Current Events Elisabeth Bumiller's Report essay

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All neighboring countries, except Iran closed their borders to the Afghan refugees, hoping that they will return and come to terms with the Taliban regime.

The U.S., British and NATO troops that fight the Taliban in Afghanistan are up against an enemy that has proven to have the resources to regenerate itself almost incessantly. Although the former uses technological means that change the relationship between combatants as it has never happened before, the different interests of the neighboring countries in the outcome of this war makes predictions still impossible.

Meanwhile, the death toll of civilians is increasing drastically is likely to increase over the next months. According to asurvey released by the United nations and quoted by Dexter Filkins, in the newspaper article Afghan Civilian Deaths Rose 40% in 2008, published in the electronic version of New York Times, on Feb. 18, 2009, 2118 civilians were killed in 2008, in the conflict between Taliban and the forced lead by the Americans (Filkins). The author of the article points out that the majority of civilian casualties were caused by suicide bombers or bombs planted by the Talibans. The rest of the civilians were killed during air attacks by American led forces. The joined forces of the present pro-American Afghan government and American, British and NATO Forces are still cooperating in lading the fight against the Taliban movement, but the outcome of the fight is still uncertain as long as countries like Pakistan and Russia are not committed to refuse any support to the insurgents.

The new administration of the U.S. appears to have shifted its interests from the Iraqui front to the war in Afghanistan. The 17,000 combat troops will join 36,000 that are already there. The U.S. army is also declaring that it is preparing to pass control over to the Afghan governmental military forces, at some point in the future, claiming more forces in order to achieve this goal, too (Thompson). The position and intentions of the U.S. On the Afghan front are riskier than ever. The Afghan population is shown by polling to have decreased its trust in the U.S. And NATO maneuvers to a half of what it used to be three years ago (idem). The war on terror slowly changes fronts, according to those who claim that the correct way to fight this global enemy should be concentrated on the Afghan territory.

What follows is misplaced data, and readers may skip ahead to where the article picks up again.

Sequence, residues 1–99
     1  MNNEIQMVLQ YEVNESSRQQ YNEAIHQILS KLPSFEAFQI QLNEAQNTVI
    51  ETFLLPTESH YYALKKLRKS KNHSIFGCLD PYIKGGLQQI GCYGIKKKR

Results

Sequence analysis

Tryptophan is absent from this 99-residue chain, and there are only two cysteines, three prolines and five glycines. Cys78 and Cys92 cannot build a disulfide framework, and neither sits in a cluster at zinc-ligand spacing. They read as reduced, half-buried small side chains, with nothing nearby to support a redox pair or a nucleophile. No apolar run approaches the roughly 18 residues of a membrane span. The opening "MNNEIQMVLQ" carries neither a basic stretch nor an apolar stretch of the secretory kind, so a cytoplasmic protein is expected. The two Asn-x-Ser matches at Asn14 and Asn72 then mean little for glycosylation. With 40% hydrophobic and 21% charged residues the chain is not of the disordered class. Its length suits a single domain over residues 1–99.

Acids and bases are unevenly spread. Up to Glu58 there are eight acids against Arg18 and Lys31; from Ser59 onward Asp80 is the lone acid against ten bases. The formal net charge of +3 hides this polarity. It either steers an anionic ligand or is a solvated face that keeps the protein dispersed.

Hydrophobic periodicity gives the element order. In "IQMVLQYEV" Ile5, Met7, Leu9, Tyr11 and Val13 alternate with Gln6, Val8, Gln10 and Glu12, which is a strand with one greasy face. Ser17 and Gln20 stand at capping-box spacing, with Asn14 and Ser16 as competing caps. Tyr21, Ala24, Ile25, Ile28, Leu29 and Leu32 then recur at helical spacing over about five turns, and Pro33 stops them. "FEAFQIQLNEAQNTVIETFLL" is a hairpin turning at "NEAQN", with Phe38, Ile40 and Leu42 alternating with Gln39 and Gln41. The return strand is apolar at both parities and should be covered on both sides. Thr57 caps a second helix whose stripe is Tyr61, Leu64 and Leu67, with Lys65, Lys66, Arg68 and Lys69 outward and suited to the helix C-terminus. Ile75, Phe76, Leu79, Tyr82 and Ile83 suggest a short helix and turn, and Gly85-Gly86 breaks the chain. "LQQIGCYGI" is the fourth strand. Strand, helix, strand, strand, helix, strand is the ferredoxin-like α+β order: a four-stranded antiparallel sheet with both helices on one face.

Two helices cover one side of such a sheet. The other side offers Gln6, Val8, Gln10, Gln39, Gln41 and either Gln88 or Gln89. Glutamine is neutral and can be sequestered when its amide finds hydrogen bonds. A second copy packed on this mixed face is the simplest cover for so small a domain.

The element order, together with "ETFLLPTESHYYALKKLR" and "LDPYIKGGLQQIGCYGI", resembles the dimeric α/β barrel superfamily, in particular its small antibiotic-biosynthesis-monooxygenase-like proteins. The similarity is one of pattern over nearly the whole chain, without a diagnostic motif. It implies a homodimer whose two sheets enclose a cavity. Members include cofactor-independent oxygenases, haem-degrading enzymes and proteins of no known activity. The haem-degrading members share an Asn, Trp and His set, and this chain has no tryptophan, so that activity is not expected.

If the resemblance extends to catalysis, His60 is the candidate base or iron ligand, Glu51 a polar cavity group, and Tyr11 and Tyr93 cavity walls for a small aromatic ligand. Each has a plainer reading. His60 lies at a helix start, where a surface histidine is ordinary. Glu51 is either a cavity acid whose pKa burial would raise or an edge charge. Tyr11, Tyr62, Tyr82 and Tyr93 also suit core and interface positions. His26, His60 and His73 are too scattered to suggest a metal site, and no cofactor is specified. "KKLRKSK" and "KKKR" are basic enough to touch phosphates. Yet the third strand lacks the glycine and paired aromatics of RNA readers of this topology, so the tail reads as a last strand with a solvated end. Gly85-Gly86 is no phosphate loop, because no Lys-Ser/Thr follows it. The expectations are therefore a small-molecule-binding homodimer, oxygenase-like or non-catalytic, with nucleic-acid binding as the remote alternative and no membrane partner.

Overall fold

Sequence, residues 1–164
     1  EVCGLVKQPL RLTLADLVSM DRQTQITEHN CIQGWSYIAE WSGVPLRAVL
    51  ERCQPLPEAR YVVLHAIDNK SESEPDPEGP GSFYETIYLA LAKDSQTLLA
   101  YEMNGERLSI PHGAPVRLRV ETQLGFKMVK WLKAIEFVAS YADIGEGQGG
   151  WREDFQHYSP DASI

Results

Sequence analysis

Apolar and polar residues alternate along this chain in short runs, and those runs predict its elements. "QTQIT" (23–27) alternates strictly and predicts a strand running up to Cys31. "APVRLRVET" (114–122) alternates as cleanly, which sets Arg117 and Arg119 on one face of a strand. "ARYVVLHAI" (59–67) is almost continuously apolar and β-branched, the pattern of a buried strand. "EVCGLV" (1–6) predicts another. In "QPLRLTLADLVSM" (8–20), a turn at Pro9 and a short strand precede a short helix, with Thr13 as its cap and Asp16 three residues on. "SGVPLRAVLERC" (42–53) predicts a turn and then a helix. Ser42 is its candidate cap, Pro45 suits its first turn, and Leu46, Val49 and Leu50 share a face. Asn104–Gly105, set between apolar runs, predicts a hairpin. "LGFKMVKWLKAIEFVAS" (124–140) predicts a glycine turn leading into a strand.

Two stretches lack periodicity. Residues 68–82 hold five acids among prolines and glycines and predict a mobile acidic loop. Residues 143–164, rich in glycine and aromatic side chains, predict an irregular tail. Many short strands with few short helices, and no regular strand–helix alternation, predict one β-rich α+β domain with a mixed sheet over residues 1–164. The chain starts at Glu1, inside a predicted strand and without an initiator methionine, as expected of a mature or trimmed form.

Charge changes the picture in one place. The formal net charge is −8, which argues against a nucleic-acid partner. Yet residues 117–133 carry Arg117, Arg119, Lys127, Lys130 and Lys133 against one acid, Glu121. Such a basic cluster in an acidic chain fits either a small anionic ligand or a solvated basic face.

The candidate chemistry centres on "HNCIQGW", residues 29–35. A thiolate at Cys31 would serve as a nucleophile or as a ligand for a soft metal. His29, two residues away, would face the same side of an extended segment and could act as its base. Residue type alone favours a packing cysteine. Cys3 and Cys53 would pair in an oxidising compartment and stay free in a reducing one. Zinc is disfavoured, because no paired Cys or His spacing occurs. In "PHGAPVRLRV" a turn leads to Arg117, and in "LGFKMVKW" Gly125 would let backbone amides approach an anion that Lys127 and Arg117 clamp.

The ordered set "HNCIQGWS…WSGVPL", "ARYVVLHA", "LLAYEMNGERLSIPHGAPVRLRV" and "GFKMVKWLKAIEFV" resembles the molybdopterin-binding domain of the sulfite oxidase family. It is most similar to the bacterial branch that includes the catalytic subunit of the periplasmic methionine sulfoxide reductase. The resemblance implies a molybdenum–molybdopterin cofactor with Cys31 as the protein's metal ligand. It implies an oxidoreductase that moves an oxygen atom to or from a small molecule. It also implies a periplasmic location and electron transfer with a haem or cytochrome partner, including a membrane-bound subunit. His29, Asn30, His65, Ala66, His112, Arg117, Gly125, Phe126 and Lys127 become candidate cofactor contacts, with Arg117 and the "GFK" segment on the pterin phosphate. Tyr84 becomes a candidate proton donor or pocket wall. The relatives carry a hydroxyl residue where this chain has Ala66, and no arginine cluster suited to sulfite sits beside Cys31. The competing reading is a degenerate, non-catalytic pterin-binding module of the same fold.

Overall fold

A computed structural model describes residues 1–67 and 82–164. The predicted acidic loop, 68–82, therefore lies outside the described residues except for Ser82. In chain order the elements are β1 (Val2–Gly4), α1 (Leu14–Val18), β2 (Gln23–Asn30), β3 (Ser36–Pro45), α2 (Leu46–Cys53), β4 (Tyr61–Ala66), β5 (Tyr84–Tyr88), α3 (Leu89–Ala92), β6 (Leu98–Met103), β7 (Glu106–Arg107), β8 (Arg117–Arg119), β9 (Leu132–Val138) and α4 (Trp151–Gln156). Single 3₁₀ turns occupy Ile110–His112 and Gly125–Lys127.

In an interview with John J. Richardson, the British writer Rory Stewart advanced his opinion that the success of the international operations in bringing stability in Afghanistan does not rely on the increasing of army forces, but on measures such as international pressure on the Afghan government to stop dealing with drugs, for example. Another possibility aimed at a middle and long-term strategy suggested by the writer would be that of concentrating on unconventional sources of energy, instead of bailing out the auto industry, shifting thus the economic interests in the Middle East toward other international markets and offering an indirect shortage of finances to those fueled by the money from the oil industry. Some others, even predicted that a successful cease fire on the Afghan front will be possible only if the U.S. would join forces with Russia and act as equal partners on a common front. These last two are only scenarios and speculations for the moment. The reality shows that the U.S. And NATO forces are not likely to reduce their forces in Afghanistan in the near future, on the contrary.

Bummiler, Elisabeth. From a Carrier, Another View of America's Air War in Afghanistan. Feb. 23, 2009. The New York Times. Retrieved: Feb 24, 209. Available at http://www.nytimes.com/2009/02/24/world/asia/24carrier.html

Filkins, Dexter. Afghan Civilian Deaths Rose 40% in 2008. Feb., 18. 2009. The New York Times. Retrieved: Feb. 24. 2009. Available at http://www.nytimes.com/2009/02/19/world/asia/19afghan.html?fta=y

Richardson, John J. Seven Bold Statements on the Alternative Future of Afghanistan. Esquire. Nov, 25. 2008.Retrieved: Feb. 24, 2009. Available at http://www.esquire.com/the-side/richardson-report/future-of-war-in-afghanistan-112508?src=reddit

Roberts, Jeffery J. The Origins of Conflict in Afghanistan. Praeger. 2003

Thompson, Mark.. Obama's Yes-We-Can War: More Troops to Afghanistan. 2009. TIME. Published: Feb. 18, 2009. Retrieved: Feb 24, 2009. Available at http://www.time.com/time/nation/article/0,8599,1880253,00.html

Afghanistan. 2009. CIA World Factbook. Retrieved: Feb 24, 2009. Available at https://www.cia.gov/library/publications/the-world-factbook/geos/af.html

Gossman, Patricia. Afghanistan in the Balance. Middle East Report, No. 221. (Winter, 2001). Pp. 8-15. Published by: Middle East Research and Information Project Stable URL: http://www.jstor.org/stable/1559333[continue]

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